The (Secret) History of the Banana Split

Inexpensive exotic treat drugstore ad
Inexpensive exotic treat drugstore ad
If there is a quintessential American dessert it is the banana split. Why? Although we can credit Persians and Arabs with invention of ice-cream (nice try China) the idea of putting lots of ice-cream on a split banana covered in everything you can find but the kitchen sink…surely that is pure American innovation.

After reading many food history pages and mulling their facts a bit I realized something important was out of place. There had to be more to this story than just Americans love big things — all the fixings — and one day someone put everything together. Why America? When?

I found myself digging around for more details and eventually ended up with this official explanation.

In 1904 in Latrobe, the first documented Banana Split was created by apprentice pharmacist David Strickler — sold here at the former Tassell Pharmacy. Bananas became widely available to Americans in the late 1800s. Strickler capitalized on this by cutting them lengthwise and serving them with ice cream. He is also credited with designing a boat-shaped glass dish for his treat. Served worldwide, the banana split has become a prevalent American dessert.

The phrase that catches my eye, almost lost among the other boring details, is that someone with an ingredient “widely available…capitalized”; capitalism appears to be the key to unlock this history.

Immigration and Trade

The first attribution goes to Italian immigrants who brought spumoni to America around the 1870s. This three flavor ice-cream often was in the three colors of their home country’s flag. No problem for Americans. The idea of a three flavor treat was taken and adapted to local favorites: chocolate, strawberry and vanilla. Ice-cream became more widely available by the 1880s and experimentation was inevitable as competition boomed. It obviously was a very popular food by the 1904 St. Louis World’s Fair, which infamously popularized eating it with cones.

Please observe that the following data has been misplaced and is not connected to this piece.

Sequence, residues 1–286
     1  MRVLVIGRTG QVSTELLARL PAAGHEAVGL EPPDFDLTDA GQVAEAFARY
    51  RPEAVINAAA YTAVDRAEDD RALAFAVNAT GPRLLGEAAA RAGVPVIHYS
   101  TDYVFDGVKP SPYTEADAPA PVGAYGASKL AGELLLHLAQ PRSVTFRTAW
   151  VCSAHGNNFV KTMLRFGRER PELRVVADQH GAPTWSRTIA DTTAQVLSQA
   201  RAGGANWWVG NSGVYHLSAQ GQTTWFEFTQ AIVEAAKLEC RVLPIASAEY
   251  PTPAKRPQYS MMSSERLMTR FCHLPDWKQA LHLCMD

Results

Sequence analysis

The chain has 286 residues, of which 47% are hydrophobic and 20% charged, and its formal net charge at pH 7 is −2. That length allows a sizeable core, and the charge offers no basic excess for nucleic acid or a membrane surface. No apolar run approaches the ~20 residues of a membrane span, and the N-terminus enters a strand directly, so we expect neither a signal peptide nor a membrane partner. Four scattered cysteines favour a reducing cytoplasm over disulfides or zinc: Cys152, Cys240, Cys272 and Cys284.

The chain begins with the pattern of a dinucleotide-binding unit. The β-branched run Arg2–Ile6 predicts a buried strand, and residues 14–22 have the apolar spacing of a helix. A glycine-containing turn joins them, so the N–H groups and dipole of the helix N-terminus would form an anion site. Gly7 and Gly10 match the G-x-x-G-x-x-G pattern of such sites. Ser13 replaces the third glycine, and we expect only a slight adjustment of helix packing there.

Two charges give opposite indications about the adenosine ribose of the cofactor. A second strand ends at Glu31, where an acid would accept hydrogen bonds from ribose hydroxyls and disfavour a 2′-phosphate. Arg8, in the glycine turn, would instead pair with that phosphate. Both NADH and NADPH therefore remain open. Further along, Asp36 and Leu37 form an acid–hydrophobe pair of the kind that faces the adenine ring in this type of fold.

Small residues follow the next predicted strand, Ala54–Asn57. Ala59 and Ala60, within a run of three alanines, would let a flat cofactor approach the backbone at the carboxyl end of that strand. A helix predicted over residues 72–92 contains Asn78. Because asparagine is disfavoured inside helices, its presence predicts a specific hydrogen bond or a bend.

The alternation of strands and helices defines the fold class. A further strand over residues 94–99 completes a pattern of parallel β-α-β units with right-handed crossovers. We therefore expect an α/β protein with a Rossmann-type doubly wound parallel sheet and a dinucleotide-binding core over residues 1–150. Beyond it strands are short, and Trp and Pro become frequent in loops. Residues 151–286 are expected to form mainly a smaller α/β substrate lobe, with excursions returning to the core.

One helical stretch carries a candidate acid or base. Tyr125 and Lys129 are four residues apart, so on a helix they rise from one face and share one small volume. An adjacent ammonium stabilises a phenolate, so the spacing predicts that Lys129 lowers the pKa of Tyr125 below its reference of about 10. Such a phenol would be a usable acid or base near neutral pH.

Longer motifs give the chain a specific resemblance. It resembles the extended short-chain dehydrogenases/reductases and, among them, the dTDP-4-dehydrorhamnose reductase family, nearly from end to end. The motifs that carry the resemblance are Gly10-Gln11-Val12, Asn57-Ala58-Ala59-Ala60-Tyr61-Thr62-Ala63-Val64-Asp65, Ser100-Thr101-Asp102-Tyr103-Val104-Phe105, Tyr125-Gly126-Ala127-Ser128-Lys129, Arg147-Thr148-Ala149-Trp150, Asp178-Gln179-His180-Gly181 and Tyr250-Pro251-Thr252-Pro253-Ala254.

In parallel, new trade developments emerged. Before the 1880s there were few bananas found in America. America bought around $250K of bananas in 1871. Only thirty years later the imports had jumped 2,460% to $6.4m and were in danger of becoming too common. Bananas being both easily sourced and yet still exotic made them ideal for experiments with ice-cream. The dramatic change in trade and availability was the result of a corporate conglomerate formed in 1899 called the United Fruit Company. I’ll explain more about them in a bit.

At this point what we’re talking about is just Persian/Arab ice-cream modified and brought by Italian immigrants to America, then modified and dropped onto the newly marketed banana of capitalism. Serving up all the fixings over a banana-split make a lot of sense if you put yourself in the shoes of someone working in a soda/pharmacy business of 1904 trying to increase business.

Back then Bananas and Pineapples Were The Exotic New Thing

Imagine you’re in a drug-store and supposed to be offering something amazing or exotic to draw in customers. People could go to any drugstore. You pull out the hot new banana fruit, add the three most-popular flavors (impressive yet not completely unfamiliar) and then dump all the sauces you’ve got on top. You now charge double the cost of any other dessert. Should you even add pineapple on top? Of course! The pineapple arrived fresh off the boat in a new promotion by the Dole corporation: